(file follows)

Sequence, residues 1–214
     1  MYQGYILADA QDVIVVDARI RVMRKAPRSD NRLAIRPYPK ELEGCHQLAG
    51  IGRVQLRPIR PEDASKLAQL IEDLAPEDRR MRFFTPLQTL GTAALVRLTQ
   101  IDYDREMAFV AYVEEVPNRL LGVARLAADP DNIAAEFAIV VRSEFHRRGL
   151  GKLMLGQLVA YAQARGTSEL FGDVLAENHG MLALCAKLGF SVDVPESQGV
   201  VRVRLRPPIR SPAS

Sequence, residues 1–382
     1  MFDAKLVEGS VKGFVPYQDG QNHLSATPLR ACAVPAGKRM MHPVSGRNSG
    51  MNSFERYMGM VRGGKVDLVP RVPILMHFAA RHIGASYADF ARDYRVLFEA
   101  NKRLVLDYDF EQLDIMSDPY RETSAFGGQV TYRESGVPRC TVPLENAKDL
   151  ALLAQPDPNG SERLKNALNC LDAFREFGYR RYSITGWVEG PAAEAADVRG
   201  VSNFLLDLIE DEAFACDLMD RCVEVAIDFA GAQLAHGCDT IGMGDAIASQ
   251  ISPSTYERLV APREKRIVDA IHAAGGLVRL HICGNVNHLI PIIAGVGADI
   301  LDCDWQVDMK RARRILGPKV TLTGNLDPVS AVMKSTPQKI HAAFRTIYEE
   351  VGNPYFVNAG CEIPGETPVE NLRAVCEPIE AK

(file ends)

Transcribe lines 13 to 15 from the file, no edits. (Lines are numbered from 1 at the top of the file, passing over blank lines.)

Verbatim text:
   251  ISPSTYERLV APREKRIVDA IHAAGGLVRL HICGNVNHLI PIIAGVGADI
   301  LDCDWQVDMK RARRILGPKV TLTGNLDPVS AVMKSTPQKI HAAFRTIYEE
   351  VGNPYFVNAG CEIPGETPVE NLRAVCEPIE AK